A former U.S. Navy nuclear engineer on Monday pleaded guilty to trying to sell nuclear secrets to someone he believed to be a representative of a foreign nation, the Department of Justice announced in a press release.
Jonathan Toebbe, 42, and his wife Diana, 45, were arrested in West Virginia on Oct. 9 after the FBI and the Naval Criminal Investigative Service determined that the couple from Annapolis, Maryland, had engaged in a "conspiracy to communicate restricted data related to the design of nuclear-powered warships" to a foreign power.
The couple stood accused of sharing sensitive data by concealing SD cards inside a peanut butter sandwich and a pack of chewing gum.
Toebbe's crime, which violated the Atomic Energy Act, carried the possibility of a life sentence in prison. However, as a part of his plea deal, the former nuclear engineer will serve a minimum of 12 and a half years behind bars, the Justice Department noted.
The Washington Post reported that Jonathan Toebbe's plea agreement does not resolve charges against his wife of more than 18 years, Diana Toebbe, a private school educator who is believed to have been a party to the attempted espionage.
Diana Toebbe's lawyers reportedly argued in a court filing last month that there was "no dispute in this case that Mrs. Toebbe went with her husband to three ‘dead drops’ that were apparently part of his scheme to sell classified information to some third country. ... Yet the issue in this case will be whether or not Mrs. Toebbe was complicit in her husband’s alleged espionage scheme."
Jonathan Toebbe had previously maintained that his wife had no knowledge of his attempted espionage. But as part of his plea, he said in court on Monday that he "conspired with Diana Toebbe."
Authorities claim that in June 2021, after an undercover FBI agent sent $10,000 in cryptocurrency to Toebbe as a "good faith" payment, Toebbe and his wife traveled to West Virginia to perform a "dead drop" at a prearranged location. There, Toebbe left an SD card with sensitive information about U.S. submarine nuclear reactors inside a peanut butter sandwich, while his wife allegedly acted as a lookout.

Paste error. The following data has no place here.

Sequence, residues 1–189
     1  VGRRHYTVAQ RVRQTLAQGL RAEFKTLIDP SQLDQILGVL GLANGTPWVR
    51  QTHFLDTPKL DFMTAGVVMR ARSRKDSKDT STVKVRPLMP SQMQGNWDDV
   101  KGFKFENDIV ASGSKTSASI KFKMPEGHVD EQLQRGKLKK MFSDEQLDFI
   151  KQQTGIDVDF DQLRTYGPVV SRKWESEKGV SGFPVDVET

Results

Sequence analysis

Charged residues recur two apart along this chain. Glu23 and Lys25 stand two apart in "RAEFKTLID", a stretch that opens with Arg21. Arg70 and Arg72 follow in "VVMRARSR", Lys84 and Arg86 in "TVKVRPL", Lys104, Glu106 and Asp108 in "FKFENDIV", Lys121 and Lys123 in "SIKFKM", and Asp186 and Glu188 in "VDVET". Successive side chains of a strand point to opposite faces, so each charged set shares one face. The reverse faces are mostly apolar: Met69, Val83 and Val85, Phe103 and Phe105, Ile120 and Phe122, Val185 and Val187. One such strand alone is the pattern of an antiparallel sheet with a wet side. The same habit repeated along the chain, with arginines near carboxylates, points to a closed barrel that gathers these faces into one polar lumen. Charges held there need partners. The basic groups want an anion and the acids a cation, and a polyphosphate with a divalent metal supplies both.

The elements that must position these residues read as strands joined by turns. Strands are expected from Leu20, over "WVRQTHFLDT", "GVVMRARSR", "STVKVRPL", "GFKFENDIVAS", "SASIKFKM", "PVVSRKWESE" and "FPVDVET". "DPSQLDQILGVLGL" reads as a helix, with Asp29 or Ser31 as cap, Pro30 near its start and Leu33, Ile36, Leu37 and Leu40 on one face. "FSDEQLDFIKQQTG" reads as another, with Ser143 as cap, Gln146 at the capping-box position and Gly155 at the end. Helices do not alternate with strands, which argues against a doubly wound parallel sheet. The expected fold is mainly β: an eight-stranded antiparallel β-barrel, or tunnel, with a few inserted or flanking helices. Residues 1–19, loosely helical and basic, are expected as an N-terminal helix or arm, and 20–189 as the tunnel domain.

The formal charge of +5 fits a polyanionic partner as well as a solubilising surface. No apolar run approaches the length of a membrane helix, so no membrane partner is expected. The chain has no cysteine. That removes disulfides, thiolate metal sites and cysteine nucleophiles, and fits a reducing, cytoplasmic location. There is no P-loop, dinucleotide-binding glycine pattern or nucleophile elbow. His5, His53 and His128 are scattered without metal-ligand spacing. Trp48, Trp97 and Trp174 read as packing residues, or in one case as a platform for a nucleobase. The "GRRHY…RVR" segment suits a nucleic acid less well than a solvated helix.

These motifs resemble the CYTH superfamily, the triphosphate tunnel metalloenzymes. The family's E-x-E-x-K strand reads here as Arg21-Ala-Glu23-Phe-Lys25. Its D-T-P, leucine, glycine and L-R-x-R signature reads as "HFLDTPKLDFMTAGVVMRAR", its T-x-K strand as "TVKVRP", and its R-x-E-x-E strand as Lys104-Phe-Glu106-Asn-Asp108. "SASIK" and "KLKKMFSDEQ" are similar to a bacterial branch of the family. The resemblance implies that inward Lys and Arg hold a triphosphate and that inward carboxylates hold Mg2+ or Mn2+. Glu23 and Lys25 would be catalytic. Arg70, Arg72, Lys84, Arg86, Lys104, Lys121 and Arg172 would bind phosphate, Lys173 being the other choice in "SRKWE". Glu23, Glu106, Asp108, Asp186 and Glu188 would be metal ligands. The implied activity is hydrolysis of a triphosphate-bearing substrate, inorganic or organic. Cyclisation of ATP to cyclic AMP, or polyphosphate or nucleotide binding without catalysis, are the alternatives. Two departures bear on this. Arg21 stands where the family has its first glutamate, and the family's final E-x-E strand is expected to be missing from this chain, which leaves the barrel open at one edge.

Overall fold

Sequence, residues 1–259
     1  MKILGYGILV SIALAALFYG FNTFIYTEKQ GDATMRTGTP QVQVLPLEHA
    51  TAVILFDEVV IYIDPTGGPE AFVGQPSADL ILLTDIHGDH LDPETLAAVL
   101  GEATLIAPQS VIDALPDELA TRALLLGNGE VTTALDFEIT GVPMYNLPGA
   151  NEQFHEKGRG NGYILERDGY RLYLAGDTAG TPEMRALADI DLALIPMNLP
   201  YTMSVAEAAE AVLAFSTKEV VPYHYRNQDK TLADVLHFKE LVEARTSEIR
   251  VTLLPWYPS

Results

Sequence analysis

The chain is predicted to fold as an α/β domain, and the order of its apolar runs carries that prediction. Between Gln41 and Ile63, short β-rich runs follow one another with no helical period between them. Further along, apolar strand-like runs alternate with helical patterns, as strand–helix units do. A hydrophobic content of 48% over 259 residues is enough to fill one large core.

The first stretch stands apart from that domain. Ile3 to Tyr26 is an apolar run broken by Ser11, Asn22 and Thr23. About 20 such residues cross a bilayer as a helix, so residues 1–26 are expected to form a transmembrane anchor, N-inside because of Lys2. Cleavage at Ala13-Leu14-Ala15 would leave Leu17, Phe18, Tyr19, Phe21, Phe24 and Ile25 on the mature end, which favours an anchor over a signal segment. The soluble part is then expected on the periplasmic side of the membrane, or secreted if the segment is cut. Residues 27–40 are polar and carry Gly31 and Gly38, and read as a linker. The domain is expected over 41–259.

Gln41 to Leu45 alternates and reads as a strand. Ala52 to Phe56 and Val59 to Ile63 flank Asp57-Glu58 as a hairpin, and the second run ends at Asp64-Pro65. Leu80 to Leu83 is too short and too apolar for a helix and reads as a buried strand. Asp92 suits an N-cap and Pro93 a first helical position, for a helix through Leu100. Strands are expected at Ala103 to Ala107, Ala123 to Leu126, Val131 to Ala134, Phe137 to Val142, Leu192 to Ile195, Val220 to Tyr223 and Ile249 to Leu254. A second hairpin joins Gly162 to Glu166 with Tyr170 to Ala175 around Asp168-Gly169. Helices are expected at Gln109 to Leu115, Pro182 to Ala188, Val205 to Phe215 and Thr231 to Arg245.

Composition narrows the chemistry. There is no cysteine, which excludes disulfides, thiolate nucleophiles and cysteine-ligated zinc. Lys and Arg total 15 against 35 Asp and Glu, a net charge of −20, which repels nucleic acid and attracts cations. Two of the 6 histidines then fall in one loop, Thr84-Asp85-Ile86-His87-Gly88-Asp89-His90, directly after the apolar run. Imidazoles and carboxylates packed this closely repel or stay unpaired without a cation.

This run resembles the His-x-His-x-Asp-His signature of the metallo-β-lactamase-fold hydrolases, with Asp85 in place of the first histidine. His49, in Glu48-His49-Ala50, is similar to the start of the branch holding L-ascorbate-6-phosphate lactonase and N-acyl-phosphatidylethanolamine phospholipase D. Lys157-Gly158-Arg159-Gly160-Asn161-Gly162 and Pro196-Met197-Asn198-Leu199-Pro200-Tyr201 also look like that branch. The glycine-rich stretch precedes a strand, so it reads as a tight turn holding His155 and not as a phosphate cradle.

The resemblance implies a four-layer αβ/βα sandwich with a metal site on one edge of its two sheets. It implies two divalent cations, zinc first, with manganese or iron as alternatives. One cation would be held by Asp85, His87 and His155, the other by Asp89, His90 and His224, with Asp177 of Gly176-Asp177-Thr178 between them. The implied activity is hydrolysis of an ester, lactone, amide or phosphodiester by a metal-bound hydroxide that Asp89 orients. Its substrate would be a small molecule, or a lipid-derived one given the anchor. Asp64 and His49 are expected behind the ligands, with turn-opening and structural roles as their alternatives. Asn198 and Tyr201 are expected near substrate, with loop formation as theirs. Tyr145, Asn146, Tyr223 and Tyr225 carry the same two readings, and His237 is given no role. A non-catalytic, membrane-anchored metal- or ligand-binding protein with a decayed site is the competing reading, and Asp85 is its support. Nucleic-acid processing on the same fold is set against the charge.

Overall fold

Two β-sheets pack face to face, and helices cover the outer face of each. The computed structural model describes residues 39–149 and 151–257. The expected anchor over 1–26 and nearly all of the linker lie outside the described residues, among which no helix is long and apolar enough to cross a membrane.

The agent followed up by sending Toebbe $20,000 in cryptocurrency, after which Toebbe sent the agent a decryption key for the SD card. A similar scenario played out two more times over the next several months, according to authorities. On one occasion in August. the agent sent Toebbe $70,000 in cryptocurrency after he concealed another SD card in a pack of chewing gum.
"Among the secrets the U.S. government most zealously protects are those related to the design of its nuclear-powered warships. The defendant was entrusted with some of those secrets and instead of guarding them, he betrayed the trust placed in him and conspired to sell them to another country for personal profit," said Assistant Attorney General Matthew G. Olsen of the Justice Department’s National Security Division, in a statement.
"The Department of Justice will vigilantly protect the American people and our nation’s security by investigating and prosecuting those who violate their Constitutional oath and abuse their positions for personal gain," he continued.
"There’s a message here for anyone who would sell out America’s secrets," added Assistant Director Alan E. Kohler, Jr. of the FBI’s Counterintelligence Division. "The FBI and its partners will use all our investigative techniques to bring you to justice."
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